and perhaps that’s exactly the point. The five bicycles take up so little room compared to the two-and-a-half cars! What’s more, in this case they take up room that would otherwise go unused: the little strip of walkway just inboard of the curb, where parking meters, signposts, lamp standards, and other minor street utilities make their home.
Four of the bikes are on two official LADOT sidewalk bike racks, and one is locked to a parking meter. There are five other racks to the west on this single block of Wilshire Boulevard in the Miracle Mile -- two in front of the inevitable Starbucks, one in front of the Johnny’s New York Pizza, and two more in front of The Counter. They all accommodate customers and employees of the businesses in that large office building you see in the background…and they do it far more efficiently than cars can.
Indeed, the building has a massive parking structure behind it, taking up a good half of the block -- more land area than the productive building itself requires.
Very simply put, cars waste space. Doesn’t matter if they’re powered by gasoline, electricity, or pixie dust -- or whether you’re driving them or Google is. And before you start: even robo-cabs use up a lot of room. They’re either taking up lane space delivering bodies, or taking up lane space cruising for new bodies, or taking up space parked somewhere. Cars waste space.
This is probably a bigger sin than pollution or even global warming, because, in taking up so much space, they require us to put all the human elements of our cities farther apart, condemning us to longer (and usually lonely) commutes, as well as keeping us apart from each other in little metal cells. In short, cars destroy not only the atmosphere and the watershed; they destroy human culture itself.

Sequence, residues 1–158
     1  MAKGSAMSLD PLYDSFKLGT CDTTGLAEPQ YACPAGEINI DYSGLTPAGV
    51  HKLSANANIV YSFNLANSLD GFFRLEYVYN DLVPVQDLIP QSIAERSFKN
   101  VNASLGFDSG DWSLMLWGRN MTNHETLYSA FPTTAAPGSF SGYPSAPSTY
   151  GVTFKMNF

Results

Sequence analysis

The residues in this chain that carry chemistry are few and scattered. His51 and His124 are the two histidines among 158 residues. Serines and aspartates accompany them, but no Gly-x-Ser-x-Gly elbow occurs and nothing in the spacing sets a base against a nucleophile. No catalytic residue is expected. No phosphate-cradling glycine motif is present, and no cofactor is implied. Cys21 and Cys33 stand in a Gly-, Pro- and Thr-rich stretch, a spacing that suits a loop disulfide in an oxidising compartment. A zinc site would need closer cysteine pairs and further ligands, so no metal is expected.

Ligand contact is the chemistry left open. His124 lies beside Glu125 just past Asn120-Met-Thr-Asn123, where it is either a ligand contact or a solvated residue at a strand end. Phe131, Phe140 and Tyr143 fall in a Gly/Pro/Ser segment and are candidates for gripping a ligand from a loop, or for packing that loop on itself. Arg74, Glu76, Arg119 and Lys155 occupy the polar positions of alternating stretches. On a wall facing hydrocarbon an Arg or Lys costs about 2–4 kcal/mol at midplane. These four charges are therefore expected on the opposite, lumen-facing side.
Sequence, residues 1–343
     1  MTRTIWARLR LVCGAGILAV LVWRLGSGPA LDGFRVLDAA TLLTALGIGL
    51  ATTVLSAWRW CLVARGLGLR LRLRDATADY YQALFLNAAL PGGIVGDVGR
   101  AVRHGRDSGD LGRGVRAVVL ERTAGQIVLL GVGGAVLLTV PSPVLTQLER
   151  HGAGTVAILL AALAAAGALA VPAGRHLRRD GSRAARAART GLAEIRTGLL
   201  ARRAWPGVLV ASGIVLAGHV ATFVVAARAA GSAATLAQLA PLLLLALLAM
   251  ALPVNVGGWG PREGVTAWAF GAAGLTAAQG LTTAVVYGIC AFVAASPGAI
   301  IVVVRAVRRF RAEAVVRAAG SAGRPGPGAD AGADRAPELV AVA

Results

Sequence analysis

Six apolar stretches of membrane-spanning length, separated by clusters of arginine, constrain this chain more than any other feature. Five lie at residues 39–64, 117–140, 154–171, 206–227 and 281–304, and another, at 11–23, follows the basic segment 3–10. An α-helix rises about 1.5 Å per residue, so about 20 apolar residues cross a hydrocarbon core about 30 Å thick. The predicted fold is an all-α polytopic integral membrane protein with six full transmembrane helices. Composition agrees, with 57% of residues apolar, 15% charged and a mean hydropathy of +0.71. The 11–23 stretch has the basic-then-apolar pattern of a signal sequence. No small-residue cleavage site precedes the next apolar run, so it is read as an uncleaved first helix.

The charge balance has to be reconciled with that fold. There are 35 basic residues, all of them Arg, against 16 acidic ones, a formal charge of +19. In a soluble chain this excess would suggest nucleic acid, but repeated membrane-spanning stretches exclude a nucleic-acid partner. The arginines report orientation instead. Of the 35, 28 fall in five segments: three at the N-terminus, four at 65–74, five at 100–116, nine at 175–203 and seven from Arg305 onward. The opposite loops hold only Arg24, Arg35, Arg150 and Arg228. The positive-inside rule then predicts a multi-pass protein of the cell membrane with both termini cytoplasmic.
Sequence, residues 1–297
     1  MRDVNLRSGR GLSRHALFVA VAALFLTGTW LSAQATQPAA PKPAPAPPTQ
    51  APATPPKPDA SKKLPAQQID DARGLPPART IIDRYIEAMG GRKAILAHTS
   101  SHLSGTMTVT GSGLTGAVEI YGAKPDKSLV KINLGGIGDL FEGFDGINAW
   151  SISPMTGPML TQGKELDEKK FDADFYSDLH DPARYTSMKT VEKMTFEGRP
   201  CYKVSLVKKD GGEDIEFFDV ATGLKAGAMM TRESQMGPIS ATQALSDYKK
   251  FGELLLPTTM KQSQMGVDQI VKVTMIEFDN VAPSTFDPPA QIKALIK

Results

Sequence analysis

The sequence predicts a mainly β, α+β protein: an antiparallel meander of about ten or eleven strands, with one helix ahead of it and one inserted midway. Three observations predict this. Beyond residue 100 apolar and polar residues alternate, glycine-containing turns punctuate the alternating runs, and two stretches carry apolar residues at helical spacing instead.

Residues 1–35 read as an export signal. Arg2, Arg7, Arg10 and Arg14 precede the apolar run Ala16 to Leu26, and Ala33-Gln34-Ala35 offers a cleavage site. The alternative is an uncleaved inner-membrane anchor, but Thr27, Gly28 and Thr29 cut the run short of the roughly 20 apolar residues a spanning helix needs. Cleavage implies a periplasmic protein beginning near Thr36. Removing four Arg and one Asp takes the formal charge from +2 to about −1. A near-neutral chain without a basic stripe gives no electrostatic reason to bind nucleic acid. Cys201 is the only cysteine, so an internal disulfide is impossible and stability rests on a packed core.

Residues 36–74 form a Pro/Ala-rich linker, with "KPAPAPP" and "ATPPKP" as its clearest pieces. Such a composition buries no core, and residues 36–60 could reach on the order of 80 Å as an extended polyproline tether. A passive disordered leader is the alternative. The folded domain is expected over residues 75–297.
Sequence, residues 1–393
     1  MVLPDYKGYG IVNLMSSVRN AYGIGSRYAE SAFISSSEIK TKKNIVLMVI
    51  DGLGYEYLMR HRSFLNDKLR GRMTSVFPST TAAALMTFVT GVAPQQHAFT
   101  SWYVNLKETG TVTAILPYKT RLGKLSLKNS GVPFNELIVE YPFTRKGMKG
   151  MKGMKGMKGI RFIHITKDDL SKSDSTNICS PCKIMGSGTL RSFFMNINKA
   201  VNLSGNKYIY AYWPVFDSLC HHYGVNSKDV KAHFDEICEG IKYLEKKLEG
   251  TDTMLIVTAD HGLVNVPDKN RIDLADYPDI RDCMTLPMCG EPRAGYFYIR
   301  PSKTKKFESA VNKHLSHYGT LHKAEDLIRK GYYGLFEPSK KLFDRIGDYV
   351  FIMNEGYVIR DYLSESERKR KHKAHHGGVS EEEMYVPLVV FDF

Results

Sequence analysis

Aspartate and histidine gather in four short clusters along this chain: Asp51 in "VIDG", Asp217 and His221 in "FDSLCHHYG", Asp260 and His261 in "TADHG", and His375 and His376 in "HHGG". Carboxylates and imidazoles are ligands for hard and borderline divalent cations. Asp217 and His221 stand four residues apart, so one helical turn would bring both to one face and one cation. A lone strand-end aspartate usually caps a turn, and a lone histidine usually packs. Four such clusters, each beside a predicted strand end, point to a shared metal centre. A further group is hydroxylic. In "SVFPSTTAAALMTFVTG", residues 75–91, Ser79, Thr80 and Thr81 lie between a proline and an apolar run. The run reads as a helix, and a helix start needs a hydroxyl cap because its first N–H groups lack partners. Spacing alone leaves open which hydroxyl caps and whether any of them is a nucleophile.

This has recently been expressed most eloquently by my friend and colleague, J. H. Crawford, in a Washington Post article entitled, “The Car Century Was a Mistake. It’s Time to Move On.” Click on it for a good, short read on the subject. Crawford knows it well.
Meanwhile, if you see a spot on the block that truly needs a bike rack -- wherever you may be in the City of Los Angeles -- just click on the link below and ask LADOT to put one in. Believe it or not, they actually will.
If all goes well -- and it usually does -- a bike rack will appear within a couple of months.
(Richard Risemberg is a writer. His current professional activities are focused on sustainable development and lifestyle. This column was posted first at Flying Pigeon.) Edited for CityWatch by Linda Abrams.